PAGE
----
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Take a dog to work, says trainer

Making a dog’s work on the farm the fulfilment of its instinct can help make dog training easier

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Glacier FarmMedia – Productive and successful use of a stock dog to herd livestock is based on using the natural behaviours of canines, said an experienced stockman and dog trainer.

Jared Epp shared his expertise on the subject with participants in a video presentation at the Ag in Motion Discovery Plus event in mid-July.

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Why it matters: A stock dog can be a significant help on a livestock farm, but only if it is well trained.

A good stock dog has three “ins,” said Epp. Intelligence, intensity and instinct are a winning combination though they are not easy to define.

With intensity, for example, “you see it when it’s not there maybe more than you see it when it is there. It’s something that helps that dog want to work through adversity.”

That adversity can be such things as pain, cold or dealing with angry cows. Instinct, as people define it, might be the easiest to find in a stock dog able to herd livestock whether that livestock is sheep, cattle or even poultry.

“The dog isn’t thinking about herding. The dog isn’t made or created in a way to wake up in the morning wanting to help care (for livestock) to earn a living. That just don’t matter to him at all,” said Epp.

“It matters a lot to me but it doesn’t matter to the dog. What the dog’s thinking about is getting some fulfilment.”

That comes in satisfying its instinct to hunt, though of course in a way that does not harm livestock. Dogs want to locate, stalk and hunt prey, said Epp. It happens with wolves and coyotes every day in the wild and it can be channelled.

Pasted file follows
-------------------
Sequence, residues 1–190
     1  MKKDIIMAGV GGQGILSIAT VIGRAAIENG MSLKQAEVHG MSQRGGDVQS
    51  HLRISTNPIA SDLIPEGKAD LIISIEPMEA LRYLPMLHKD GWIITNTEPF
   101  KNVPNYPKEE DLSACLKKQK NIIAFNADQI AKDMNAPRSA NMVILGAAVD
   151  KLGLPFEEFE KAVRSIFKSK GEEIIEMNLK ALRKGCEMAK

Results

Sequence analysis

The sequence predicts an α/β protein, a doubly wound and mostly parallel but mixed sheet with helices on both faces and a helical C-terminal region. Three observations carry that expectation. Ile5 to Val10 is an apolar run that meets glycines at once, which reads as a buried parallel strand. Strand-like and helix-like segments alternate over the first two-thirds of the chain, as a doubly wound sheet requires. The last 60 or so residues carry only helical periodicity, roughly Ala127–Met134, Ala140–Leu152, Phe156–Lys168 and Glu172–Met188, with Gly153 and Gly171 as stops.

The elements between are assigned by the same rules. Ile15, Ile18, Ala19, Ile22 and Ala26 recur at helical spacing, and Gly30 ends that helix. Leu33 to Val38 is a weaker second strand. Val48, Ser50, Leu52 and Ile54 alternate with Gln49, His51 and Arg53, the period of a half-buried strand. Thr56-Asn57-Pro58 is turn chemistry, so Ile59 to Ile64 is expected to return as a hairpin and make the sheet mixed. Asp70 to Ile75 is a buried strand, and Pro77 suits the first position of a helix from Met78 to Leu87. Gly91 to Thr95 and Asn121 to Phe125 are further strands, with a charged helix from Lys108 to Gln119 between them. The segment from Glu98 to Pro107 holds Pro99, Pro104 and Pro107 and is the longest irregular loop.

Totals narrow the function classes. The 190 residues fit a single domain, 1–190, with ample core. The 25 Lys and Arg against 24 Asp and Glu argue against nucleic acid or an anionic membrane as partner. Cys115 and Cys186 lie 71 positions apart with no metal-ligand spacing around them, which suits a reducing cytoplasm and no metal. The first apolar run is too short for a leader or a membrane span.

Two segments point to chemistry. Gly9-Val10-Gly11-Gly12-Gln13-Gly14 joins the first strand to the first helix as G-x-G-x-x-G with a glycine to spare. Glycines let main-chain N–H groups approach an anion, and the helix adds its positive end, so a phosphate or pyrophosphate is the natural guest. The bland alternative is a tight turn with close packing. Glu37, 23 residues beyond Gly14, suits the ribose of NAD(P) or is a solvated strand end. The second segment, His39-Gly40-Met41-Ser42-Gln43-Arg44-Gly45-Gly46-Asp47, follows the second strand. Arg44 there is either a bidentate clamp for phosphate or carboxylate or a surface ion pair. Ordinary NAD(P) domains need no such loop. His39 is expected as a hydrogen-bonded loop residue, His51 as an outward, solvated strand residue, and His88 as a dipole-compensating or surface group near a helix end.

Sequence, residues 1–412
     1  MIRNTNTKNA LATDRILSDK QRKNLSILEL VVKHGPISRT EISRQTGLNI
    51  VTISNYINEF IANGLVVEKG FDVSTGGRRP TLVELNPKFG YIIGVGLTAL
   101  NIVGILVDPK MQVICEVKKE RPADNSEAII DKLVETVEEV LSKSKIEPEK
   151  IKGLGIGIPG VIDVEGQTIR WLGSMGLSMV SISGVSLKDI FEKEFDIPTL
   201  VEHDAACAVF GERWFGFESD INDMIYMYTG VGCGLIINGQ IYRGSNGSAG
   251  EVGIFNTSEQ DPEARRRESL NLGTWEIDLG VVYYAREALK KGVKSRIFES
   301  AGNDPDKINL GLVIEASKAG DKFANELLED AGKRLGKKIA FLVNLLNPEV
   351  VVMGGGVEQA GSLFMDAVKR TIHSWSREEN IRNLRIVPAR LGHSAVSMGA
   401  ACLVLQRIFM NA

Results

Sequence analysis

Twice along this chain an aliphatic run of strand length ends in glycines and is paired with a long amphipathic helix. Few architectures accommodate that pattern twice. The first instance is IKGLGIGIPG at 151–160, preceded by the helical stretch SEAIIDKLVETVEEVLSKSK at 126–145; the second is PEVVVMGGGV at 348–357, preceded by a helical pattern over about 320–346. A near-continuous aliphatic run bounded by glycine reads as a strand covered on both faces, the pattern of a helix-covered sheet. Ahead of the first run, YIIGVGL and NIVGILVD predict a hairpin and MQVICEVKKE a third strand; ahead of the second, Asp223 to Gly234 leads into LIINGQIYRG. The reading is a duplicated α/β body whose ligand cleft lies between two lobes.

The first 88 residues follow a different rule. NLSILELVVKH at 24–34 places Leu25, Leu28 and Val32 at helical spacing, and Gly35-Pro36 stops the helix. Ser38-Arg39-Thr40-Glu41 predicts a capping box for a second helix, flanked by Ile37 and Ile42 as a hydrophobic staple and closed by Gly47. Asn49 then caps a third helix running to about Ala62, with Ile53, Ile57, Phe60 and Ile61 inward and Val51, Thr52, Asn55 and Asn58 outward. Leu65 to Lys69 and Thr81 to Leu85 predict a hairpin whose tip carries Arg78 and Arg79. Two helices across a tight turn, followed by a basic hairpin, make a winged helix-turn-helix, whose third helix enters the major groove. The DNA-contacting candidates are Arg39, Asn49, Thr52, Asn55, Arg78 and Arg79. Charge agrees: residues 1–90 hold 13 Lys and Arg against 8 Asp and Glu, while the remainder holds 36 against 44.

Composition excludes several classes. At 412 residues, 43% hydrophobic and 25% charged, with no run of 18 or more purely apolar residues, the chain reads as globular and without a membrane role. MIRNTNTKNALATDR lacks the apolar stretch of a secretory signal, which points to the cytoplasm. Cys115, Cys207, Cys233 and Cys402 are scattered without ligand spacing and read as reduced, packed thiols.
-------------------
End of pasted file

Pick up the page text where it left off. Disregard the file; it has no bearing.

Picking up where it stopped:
“The beautiful part about the whole thing is … it’s all nature. It’s nothing manufactured by anybody. It’s merely utilizing what’s been put in these animals. The prey wants to stay safe from the predator. The predator wants to hunt the prey and we just utilize that to move the animals in the direction we want to go.”

As for the relationship between dog and handler, Epp said dogs understand pack structure and they want a leader. The handler has to be that leader but not one that suppresses or belittles the dog.

“What we’re trying to do is elevate ourselves to a point where the dog is like ‘yeah I want to be with that’,” he said.

“If you think you’re a leader and you’re moving around and nothing’s following you, you’re not leading. You’re just walking.”

He encouraged the use of whistles rather than voice commands due to distance, wind and other factors, as well as the fact that yelling can take the fun out of livestock handling.

Not every dog is cut out to handle stock, Epp reminded observers. The dog has to have enough presence that stock choose to yield to it. And it must have enough confidence to deal with livestock that occasionally challenge it.

Epp said there are four main stock dog breeds he sees in Canadian livestock farms: Australian kelpie, Australian shepherd, heeler and Border collie and he generally prefers collies in his own work.

No dog is too old to train, he said in answer to one question. Its background is more important than its age. Has the dog worked with stock before or been scolded for being with stock? Those experiences will make a difference.

When training, Epp encouraged the use of appropriate stock; animals that are not too erratic or confrontational. Successful early management of stock will help build confidence in the dog.

“I’d really encourage you, if you think it’s something that will work on your outfit and you enjoy dogs and enjoy stock, and getting the job done right is more important than getting it done fast, I’d super encourage you to take a look at getting a stock dog,” Epp concluded.

This article was originally published at The Western Producer.

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